Wednesday Wing – Why you need a Proofreader Part 1 by @ProofreadJulia #wwwblogs #amwriting

What is a Proofreader? Why you need one, and how to choose one – Part 1

Making your book as error-free as possible before publication is essential in today’s flooded market. New writers with no experience in the industry may not know exactly what a proofreader does, or how to find a good one. Today I’ve asked one of the UK’s top proofreaders, Julia Gibbs (@ProofreadJulia on Twitter) to help writers through this stage of the publishing process.


What is a proofreader? Why you need one, and how to choose one, Part 1.

First of all, can you explain the difference between content editing, copy editing and proofreading? I know a lot of new writers wonder about this.

Certainly! An Editor will look at the book as a whole, and make suggestions such as: let’s make this character more prominent in the plot; how about inserting a short chapter with a bit of back story; this plot thread isn’t fully explained; you might consider writing this character in 1st person PoV (point of view) etc. It’s not an editor’s job to correct typos, although they may spot a few.

A Copy Editor will look at the actual text more closely as a whole, and will point out for example: overuse of a certain word in a paragraph; factual errors; a word that isn’t quite right, and will suggest an alternative. The function of a copy editor is to look at each page/paragraph/line and pick up inconsistencies or repetitions, or just quirks that could put off a reader.

A Proofreader will correct your spelling, punctuation and grammar. The content of your work does not concern a proofreader, but they are the final person to work on your book and make it as error-free as possible before it is published.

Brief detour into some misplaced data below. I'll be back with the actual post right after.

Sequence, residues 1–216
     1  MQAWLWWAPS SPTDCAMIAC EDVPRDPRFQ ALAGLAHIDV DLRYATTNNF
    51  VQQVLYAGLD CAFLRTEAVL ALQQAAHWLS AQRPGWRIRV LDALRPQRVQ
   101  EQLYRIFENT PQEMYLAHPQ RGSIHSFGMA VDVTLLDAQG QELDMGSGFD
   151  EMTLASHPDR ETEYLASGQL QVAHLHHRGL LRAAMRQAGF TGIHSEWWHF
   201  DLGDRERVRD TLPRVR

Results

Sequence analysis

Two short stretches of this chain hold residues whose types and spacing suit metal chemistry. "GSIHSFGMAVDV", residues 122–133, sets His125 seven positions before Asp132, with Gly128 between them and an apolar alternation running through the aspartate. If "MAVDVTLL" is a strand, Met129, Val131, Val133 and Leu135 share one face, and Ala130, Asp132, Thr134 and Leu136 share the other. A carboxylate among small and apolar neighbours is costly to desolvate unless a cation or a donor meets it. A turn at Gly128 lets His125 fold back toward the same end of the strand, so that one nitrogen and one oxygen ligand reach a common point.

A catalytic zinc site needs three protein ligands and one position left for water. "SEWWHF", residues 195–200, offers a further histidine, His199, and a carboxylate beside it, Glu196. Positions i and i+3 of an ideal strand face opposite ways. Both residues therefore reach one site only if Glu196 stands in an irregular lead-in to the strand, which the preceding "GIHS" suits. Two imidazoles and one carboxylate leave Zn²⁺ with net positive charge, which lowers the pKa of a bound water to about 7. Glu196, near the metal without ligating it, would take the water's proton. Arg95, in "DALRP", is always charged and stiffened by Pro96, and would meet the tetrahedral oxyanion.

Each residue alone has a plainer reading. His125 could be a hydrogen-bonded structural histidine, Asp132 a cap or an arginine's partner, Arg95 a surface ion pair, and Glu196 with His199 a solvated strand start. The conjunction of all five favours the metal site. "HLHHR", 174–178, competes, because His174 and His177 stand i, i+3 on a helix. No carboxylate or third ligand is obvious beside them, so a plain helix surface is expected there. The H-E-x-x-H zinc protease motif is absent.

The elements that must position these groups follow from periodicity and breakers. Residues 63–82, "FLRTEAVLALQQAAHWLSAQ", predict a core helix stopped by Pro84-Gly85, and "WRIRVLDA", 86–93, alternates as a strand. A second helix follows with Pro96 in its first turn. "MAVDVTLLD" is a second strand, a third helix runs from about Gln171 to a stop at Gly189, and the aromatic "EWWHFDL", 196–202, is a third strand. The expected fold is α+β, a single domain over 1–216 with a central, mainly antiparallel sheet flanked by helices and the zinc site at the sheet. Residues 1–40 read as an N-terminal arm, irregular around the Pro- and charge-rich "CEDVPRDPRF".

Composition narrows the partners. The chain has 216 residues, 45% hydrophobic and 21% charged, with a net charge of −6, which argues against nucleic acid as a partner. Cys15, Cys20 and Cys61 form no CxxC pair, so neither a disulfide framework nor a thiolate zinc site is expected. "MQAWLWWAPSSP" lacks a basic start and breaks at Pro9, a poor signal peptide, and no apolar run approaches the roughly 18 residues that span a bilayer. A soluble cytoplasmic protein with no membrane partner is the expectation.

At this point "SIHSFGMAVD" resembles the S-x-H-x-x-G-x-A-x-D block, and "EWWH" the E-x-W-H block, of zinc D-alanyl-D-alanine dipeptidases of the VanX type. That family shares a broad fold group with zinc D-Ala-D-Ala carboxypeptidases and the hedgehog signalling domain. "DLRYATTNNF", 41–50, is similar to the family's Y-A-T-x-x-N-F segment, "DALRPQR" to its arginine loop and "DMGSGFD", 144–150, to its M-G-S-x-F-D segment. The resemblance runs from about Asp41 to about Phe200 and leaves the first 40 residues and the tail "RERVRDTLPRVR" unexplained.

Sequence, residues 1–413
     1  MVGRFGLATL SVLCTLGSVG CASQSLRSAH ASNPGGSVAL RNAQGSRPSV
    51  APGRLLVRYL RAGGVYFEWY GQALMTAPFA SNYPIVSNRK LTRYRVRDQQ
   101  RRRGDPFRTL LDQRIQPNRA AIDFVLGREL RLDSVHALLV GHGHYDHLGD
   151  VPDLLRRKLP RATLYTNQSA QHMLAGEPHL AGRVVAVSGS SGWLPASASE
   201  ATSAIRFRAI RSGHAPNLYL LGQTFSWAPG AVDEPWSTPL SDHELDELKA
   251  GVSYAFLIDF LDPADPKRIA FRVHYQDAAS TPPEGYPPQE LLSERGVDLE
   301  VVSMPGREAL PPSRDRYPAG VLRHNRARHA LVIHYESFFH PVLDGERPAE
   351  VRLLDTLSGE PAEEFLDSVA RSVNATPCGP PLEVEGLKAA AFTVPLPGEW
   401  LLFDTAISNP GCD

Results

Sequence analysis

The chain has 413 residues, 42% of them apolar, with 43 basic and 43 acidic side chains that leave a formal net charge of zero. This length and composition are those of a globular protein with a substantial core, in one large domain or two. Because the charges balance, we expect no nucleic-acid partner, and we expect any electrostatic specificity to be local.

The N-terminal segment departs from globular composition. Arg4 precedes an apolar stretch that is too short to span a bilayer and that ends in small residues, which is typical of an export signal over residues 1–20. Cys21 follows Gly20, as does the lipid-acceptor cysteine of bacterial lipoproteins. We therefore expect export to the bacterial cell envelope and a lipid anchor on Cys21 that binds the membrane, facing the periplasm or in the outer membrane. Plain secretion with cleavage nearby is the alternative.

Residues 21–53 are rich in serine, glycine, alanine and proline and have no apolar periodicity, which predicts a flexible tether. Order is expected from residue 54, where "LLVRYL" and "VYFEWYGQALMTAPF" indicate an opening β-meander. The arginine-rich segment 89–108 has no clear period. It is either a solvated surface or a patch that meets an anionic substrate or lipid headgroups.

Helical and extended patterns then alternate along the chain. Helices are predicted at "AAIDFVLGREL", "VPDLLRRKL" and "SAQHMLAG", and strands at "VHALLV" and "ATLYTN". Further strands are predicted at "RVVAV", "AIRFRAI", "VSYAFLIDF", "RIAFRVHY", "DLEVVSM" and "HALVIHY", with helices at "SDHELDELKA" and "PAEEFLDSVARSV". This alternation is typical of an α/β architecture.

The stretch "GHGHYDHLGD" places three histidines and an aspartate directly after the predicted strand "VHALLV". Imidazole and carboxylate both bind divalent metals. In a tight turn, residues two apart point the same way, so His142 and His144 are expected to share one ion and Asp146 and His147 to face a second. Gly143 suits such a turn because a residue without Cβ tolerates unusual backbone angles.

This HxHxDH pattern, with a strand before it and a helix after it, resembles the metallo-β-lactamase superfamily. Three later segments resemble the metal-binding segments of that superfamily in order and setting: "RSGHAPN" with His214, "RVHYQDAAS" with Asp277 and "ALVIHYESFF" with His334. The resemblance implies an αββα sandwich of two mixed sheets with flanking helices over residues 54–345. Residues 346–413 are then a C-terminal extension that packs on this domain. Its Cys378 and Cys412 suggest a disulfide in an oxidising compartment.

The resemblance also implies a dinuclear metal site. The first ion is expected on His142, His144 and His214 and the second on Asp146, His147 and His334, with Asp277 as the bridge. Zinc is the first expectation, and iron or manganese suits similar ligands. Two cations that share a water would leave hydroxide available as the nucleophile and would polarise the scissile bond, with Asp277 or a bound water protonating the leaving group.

Do all writers use editors? Should they all use a proofreader?

Most writers need an editor, but there is a small percentage who are capable of editing their own work. You may be one of those people. However, and it’s a big however, about 98% of authors need a proofreader. Make that 99%. I say this from experience. In the work of the most educated and assiduous of writers, I find between 300 and 800 corrections to make. Often they’re surprised! Why is this? Well, it’s because you can’t proofread your own work. Your mind reads what it expects to see. I recently contacted a blogger to point out a glaring error in the first line of a book review; she said she’d read over the piece about 8 times, and not spotted it. QED, I say!

At what stage of the pre-publication process should the proofreading take place?

It’s essential to ensure that you’ve finished editing your book before you pass it to the proofreader. No matter how tempted you might be, please don’t rewrite anything after the proofreader sends it back, as you might (will) insert more tiny errors. I recently worked on a very good book, whose author subsequently inserted a few more paragraphs – thus throwing up around 40 new errors! And we all know what that means – reviewers pointing out typos, which spoils our good work.

Some writers are on a limited budget, and might get a friend whose English is very good, to proofread. Is this a sensible option?